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Monday, March 29, 2010

Album Review: Journey - Greatest Hits (1988)

I try to avoid writing reviews on Greatest Hits compilations for a number of reasons, most notably because to talk about one in high regard shows that you've got about as much taste as someone who's had their tongue cut out. It can also show that you're financially tighter than a fish's sphincter and that you know about as much about music as an aborted fetus. Unless, of course, it's a corker, or it's the only record a band puts out that contains any reputable material on it. In other words, classic tracks from otherwise crappy albums.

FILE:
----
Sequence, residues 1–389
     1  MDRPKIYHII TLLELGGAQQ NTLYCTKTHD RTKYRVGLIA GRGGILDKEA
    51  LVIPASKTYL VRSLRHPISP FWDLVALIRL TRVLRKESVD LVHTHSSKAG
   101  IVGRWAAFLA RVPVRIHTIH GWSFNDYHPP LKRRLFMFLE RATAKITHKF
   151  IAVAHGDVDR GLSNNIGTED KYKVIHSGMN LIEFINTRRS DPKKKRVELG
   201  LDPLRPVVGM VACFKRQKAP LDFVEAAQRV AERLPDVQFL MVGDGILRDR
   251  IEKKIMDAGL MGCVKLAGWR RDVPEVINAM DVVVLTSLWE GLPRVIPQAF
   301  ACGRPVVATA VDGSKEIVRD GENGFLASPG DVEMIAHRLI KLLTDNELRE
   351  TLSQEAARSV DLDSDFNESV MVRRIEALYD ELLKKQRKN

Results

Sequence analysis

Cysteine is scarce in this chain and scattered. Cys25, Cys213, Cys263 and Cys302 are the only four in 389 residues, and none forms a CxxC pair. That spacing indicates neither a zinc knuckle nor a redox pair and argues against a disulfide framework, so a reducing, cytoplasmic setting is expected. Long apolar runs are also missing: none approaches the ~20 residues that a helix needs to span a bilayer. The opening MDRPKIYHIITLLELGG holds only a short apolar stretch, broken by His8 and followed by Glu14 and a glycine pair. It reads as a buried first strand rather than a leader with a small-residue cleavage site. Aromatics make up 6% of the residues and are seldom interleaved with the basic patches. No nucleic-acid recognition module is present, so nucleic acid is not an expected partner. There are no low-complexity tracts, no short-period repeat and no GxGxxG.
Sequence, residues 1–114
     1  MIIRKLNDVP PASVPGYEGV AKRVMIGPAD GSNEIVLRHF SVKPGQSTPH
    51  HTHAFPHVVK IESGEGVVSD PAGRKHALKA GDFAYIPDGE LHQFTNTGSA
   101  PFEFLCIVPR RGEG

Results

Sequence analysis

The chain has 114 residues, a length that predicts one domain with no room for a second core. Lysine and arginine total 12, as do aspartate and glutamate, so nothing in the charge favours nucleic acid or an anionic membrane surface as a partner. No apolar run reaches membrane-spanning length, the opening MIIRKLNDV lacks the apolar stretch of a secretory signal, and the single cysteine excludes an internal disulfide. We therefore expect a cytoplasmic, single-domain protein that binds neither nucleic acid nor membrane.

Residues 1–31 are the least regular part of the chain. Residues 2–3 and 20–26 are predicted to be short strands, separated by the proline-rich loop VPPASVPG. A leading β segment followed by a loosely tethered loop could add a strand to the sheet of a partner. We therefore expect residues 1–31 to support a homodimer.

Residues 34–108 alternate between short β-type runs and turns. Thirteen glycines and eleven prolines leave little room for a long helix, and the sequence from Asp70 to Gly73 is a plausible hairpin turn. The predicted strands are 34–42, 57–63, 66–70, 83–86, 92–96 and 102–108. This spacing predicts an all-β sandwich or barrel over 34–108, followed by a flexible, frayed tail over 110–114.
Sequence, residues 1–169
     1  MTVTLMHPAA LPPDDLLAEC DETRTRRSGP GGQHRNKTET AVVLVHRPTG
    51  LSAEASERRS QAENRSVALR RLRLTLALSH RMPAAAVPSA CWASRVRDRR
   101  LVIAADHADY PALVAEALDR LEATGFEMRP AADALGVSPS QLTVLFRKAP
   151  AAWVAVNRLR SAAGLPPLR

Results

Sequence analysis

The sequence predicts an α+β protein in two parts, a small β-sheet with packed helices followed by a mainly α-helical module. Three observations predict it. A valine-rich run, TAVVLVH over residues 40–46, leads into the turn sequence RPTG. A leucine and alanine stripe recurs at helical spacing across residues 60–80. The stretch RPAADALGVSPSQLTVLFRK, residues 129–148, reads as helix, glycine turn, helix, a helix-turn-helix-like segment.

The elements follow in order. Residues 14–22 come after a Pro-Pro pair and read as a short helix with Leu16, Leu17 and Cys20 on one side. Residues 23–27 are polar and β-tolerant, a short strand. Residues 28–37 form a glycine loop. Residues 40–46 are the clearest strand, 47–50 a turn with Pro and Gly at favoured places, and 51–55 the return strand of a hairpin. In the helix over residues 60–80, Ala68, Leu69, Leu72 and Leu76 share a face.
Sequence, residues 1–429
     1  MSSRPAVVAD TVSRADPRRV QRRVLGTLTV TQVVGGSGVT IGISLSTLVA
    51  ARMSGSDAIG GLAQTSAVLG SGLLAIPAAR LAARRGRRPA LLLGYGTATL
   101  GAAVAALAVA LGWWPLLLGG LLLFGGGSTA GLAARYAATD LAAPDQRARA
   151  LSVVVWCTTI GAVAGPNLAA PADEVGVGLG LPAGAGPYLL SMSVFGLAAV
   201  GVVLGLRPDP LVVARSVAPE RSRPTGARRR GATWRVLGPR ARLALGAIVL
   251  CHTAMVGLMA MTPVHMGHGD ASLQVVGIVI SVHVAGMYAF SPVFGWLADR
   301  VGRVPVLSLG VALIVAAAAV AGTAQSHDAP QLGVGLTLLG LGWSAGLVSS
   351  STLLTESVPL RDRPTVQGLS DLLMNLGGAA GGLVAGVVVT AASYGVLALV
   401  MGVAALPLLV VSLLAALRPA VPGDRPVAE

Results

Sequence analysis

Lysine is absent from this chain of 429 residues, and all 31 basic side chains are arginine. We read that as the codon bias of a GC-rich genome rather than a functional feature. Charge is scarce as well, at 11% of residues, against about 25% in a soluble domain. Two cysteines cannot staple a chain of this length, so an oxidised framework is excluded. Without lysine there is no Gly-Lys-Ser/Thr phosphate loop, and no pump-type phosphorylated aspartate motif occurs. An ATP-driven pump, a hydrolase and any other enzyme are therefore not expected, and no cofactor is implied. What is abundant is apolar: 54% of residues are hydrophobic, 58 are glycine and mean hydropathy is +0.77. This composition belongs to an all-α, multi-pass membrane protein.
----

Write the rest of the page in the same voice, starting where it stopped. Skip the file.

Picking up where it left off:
Journey is one of those bands that make people want to go out and buy their Greatest Hits or Very Best Of albums, and skip buying the rest of their discography. In fact, their Greatest Hits collection from 1988 has well and truly outsold the rest of their back catalog, and for a good reason. Because it contains their signature ballad, "Don't Stop Believin'." Which is an excellent song I might add, legendary, in fact. But don't stop there - you've got the rest of the CD to deal with, full of songs that strategically capture that emotionally empowering Journey sound all on one disc. Except for "Wheel In The Sky", a song ruined by its introduction, which, annoyingly, got stuck in my head for about a year and almost turned me into a slightly fat version of the Incredible Hulk. And, in keeping with an unshakeable Journey tradition, the album cover is fantastically beautiful, detailed and exceptionally colorful.

So, if you want to know what the fuss is all about, go and buy this album. It wasn't until 2008 that I first discovered this album, and I'm kicking myself for not having discovered them years earlier. In a nutshell - they're basically Santana, but this time they're on cocaine. A-